Moving right along, we come to Original Character of the Year. This award is pretty neat since it recognizes an actual game character rather than a person (directly, anyways). The award was presented by Yoot Saito (Vivarium) and Chris Taylor (Gas Powered Games).
Daxter from Jak & Daxter: The Precursor Legacy nabbed this award.
The co-founders of Bioware Corp., Ray Muzyka and Greg Zeschuk, presented the next award, which was the IGDA Award for Community Contribution.
Jeff Lander was recognized with this award for all his help in fostering the game development community through the IGDA, such as speaking regularly, helping others, pushing for student outreach, and starting the Los Angeles chapter of the IGDA.
Next came the award for Excellence in Programming, which was handed out by Rob Heubner (Nihilistic Software) and David Perry (Shiny Entertainment).
This year's award went to Richard Evans for the artificial intelligence in Black & White, something basically everyone foresaw and is certainly well deserved.
The introduction on this year's recipient of the Lifetime Achievement Award was done by last year's recipient, Will Wright (Maxis).
Yuji Naka (Sonic Team/Sega) was recognized this year for almost 20 years in the game development industry, first joining Sega as a programmer back in 1984. He is best known as the creator of Sonic the Hedgehog, Sega's long-time mascot, as well as the man behind the Phantasy Star games.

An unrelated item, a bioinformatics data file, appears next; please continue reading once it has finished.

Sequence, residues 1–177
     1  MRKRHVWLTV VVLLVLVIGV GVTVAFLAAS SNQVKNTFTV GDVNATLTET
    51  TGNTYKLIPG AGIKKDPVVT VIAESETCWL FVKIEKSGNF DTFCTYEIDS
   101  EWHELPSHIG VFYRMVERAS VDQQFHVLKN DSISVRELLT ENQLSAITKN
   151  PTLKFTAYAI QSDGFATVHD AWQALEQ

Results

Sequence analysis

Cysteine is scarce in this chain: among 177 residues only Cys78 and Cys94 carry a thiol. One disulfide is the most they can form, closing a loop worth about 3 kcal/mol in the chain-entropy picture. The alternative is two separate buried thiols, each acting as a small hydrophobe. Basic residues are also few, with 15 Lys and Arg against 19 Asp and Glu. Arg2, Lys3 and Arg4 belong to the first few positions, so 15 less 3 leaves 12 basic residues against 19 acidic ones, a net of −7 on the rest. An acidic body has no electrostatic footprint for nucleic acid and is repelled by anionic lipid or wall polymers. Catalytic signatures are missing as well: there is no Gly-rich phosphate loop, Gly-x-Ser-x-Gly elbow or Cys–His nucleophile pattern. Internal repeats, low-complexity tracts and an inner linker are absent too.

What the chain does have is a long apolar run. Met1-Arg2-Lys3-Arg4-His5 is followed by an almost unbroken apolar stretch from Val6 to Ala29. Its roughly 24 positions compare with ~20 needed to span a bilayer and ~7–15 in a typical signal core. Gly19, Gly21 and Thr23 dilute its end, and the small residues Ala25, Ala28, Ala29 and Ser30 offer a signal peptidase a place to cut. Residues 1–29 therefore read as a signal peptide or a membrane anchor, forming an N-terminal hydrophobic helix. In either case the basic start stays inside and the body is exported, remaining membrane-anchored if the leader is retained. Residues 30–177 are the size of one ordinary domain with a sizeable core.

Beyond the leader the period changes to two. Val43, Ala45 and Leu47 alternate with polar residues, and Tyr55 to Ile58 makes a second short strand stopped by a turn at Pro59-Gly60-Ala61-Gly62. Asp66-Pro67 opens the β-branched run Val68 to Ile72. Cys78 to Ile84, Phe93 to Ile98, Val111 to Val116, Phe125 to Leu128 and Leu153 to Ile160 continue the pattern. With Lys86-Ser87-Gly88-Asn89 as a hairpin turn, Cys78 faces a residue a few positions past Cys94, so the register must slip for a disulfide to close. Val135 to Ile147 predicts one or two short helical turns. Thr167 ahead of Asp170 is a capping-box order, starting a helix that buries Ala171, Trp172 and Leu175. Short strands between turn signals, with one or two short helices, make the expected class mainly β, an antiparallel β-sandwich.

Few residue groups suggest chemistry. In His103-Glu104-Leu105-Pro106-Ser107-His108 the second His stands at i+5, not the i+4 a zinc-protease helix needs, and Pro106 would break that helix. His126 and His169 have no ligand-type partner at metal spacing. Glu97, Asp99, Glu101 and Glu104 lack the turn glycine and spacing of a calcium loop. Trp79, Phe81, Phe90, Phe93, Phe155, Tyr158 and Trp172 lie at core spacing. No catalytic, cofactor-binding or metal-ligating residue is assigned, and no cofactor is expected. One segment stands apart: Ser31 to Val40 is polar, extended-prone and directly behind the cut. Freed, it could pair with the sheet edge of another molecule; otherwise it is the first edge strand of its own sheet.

Finally (finally! :) Lucy Bradshaw from Maxis presented the Game of the Year award.
This year's Game of the Year? Grand theft Auto III (DMA Design/Rockstar Games)
From my point of view, the GDCA was a great success this year, as it was last year. The presentation of the awards was quick and professional, reminding me a lot of the Academy Awards, although nowhere near the style and flair of course! Can you imagine game developers getting all dressed up in suits and whatnot? I think not! :) While the GDCA should strive to become a professional event, it should still retain the looseness that makes the game development industry what it is. The awards are definitely becoming more serious to developers as well - Jason Della Rocca has stated that he was approached by developers who were disappointed that they hadn't won anything. Of note on that subject would be the absence of a single award for Max Payne, even though it had five nominations.
Congratulations to all the winners!